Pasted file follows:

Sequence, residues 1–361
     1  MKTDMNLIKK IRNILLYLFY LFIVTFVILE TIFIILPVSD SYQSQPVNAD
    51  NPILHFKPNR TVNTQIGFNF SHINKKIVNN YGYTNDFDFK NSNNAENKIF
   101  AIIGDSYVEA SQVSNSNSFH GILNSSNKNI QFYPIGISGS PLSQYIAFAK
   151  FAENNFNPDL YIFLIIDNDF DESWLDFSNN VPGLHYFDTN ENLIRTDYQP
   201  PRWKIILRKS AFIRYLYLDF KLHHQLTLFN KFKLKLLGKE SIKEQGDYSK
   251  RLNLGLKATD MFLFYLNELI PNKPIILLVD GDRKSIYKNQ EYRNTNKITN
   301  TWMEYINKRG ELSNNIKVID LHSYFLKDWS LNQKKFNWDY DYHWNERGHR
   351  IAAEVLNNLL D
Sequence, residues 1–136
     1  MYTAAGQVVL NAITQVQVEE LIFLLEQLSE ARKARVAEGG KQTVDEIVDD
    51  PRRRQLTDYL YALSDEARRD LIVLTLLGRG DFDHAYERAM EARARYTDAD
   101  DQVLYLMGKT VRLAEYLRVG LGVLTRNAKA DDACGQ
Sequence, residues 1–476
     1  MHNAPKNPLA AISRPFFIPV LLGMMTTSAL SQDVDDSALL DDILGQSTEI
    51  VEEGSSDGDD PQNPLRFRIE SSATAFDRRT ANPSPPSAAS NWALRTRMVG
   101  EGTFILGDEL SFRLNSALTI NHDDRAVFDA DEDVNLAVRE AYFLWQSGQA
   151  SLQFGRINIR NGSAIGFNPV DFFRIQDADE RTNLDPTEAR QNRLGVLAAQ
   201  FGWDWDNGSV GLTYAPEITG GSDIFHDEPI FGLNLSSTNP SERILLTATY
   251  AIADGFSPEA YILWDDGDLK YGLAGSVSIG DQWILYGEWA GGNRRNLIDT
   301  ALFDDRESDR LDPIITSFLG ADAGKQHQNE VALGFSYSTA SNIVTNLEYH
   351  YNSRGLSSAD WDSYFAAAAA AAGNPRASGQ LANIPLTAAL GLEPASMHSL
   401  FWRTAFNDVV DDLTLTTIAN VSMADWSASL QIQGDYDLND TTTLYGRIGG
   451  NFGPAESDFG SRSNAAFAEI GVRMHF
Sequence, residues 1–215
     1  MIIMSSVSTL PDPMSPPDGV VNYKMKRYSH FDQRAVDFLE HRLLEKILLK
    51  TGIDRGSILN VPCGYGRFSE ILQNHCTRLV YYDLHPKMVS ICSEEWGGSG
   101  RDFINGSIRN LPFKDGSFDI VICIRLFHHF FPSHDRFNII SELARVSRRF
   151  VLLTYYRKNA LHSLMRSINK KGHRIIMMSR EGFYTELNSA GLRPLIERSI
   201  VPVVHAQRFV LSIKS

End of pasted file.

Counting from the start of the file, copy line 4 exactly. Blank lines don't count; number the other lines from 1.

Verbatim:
   101  AIIGDSYVEA SQVSNSNSFH GILNSSNKNI QFYPIGISGS PLSQYIAFAK